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Estimating the Epidemiologic Impact of TB Vaccines using Mathematical Models

Abstract

PROJECT SUMMARY/ABSTRACT Tuberculosis (TB) is a major cause of ill health and was the leading infectious cause of death in 2019, a burden felt disproportionately in low- and middle-income countries. To accelerate progress towards the World Health Organization’s ambitious goal to cut TB deaths by 95% and cases by 90% by 2035, new tools to prevent TB are essential. New and repurposed vaccines against TB hold promise to fill this gap: after decades of research, two TB vaccines have emerged from Phase II clinical trials with positive efficacy results. The existing BCG vaccine, currently given at birth, is being reconsidered for use (‘revaccination’) in adults after a Phase IIb trial showed 50% efficacy in preventing TB infection in adolescents. In a separate Phase IIb trial, subunit vaccine M72-AS01e was shown to be 50% efficacious in preventing TB disease in adults. The overarching objectives of this K01 are to (1) estimate the potential epidemiologic impact of new and repurposed TB vaccines; and (2) identify and assess potential vaccination strategies targeting high-risk groups. We will do this using data from the GlobalMix study, which will provide detailed country-specific social contact and mobility data from four countries – Mozambique, Guatemala, India, and Pakistan – with diverse TB epidemic profiles. Understanding potential differences in vaccine impact across countries can guide the design of further vaccine trials and inform strategies for introducing new and repurposed TB vaccines into immunization programs. This K01 project will provide Dr. Nelson with skills in conducting international field work as well as building, fitting, and analyzing TB transmission models to address questions with practical implications for TB vaccine policy and implementation. The mentoring team, Drs. Ben Lopman (Primary Mentor), Neel Gandhi (co-Mentor), Ted Cohen (co-Mentor), and Rob Breiman (co-Mentor), will provide Dr. Nelson with training in how to build and analyze models of TB transmission to estimate vaccine impact, the design and conduct of vaccine trials, and the role of modeling in development of evidence-based national and global vaccine policy. Home to the Emory Vaccine Center and the Center for TB Research, Emory University offers abundant resources for young investigators engaged in TB vaccine research, providing an ideal setting to carry out the proposed work. The TB vaccine modeling framework developed in this K01 will form the basis of a future NIH R01 proposal aiming to quantify country-level vaccine impact and develop country-specific recommendations for TB vaccine implementation in conjunction with TB vaccine experts and policymakers. The skills Dr. Nelson will develop have broad applicability to other infectious diseases, building a foundation for a career in infectious disease dynamics which will address vaccine implementation challenges for emerging and endemic infections.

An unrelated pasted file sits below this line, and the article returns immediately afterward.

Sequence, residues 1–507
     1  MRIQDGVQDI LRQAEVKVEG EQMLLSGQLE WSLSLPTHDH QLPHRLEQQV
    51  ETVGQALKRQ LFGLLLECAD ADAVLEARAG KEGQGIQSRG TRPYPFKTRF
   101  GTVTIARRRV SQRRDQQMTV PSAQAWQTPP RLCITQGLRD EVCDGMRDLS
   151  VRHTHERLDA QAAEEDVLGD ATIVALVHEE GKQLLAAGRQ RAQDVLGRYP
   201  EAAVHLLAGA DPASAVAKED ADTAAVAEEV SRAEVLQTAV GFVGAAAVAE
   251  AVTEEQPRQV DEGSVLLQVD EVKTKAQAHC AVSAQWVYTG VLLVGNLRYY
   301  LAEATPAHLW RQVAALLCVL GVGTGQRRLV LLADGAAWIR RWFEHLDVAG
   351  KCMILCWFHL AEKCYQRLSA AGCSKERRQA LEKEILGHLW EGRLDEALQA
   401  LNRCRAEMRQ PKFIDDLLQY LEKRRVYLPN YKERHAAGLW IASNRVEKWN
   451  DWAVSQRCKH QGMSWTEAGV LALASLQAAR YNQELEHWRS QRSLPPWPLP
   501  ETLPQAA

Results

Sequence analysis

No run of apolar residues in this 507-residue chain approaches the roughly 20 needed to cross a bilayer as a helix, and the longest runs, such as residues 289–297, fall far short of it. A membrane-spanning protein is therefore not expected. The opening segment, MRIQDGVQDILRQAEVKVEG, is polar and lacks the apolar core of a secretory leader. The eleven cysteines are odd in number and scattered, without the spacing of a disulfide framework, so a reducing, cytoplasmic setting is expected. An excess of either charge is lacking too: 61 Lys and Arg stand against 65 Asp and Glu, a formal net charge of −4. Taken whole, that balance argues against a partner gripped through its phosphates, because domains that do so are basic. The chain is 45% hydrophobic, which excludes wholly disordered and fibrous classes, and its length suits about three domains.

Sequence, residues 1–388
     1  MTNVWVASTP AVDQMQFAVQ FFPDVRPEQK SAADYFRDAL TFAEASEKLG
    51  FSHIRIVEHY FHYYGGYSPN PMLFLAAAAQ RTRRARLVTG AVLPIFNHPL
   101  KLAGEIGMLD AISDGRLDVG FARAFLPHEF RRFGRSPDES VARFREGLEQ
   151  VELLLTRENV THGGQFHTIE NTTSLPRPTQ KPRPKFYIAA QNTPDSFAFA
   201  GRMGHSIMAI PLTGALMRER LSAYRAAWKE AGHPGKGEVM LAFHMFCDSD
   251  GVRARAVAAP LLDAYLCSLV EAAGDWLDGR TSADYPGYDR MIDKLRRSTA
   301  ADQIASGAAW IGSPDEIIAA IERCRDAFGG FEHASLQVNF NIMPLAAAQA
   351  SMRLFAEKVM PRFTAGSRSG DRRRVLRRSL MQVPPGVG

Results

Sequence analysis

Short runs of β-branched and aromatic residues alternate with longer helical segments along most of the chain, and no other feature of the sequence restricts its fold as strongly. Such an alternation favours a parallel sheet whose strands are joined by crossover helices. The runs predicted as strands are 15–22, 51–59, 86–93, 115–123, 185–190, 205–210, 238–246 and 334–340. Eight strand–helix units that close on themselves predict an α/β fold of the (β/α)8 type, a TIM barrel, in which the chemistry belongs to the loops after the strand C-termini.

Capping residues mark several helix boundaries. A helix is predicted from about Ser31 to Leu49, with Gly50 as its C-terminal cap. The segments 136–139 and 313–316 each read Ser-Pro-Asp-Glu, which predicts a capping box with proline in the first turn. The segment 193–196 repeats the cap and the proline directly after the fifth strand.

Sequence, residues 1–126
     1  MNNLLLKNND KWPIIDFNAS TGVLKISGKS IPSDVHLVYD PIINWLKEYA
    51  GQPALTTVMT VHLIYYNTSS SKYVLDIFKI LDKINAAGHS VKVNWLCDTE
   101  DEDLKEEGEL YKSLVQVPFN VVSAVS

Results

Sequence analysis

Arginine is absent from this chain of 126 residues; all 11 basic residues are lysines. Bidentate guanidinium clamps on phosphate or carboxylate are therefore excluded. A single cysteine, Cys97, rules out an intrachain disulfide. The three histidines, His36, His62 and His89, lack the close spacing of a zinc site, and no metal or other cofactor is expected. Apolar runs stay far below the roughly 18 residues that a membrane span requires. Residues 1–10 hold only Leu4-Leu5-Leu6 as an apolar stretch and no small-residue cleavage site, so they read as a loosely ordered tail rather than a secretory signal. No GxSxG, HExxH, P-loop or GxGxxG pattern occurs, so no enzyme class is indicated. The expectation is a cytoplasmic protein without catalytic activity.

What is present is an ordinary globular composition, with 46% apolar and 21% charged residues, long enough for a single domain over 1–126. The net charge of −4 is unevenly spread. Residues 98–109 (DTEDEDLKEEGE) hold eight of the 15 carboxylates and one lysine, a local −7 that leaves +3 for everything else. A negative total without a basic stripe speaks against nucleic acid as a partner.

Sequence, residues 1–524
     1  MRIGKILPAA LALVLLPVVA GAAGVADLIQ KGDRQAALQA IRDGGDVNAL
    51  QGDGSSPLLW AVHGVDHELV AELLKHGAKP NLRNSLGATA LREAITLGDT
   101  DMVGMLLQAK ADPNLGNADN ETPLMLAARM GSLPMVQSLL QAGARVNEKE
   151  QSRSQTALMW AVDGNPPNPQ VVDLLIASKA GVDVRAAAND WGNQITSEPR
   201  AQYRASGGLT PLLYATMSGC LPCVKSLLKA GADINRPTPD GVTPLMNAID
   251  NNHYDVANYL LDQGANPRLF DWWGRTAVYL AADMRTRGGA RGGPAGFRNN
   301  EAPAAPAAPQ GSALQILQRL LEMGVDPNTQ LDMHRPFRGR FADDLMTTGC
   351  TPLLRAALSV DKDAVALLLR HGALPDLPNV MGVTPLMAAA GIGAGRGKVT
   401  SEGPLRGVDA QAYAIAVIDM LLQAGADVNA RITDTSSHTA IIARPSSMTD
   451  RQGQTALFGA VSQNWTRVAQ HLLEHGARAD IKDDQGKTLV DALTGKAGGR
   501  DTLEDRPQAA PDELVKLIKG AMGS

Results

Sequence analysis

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Funding Source

Project Period

2022-2027

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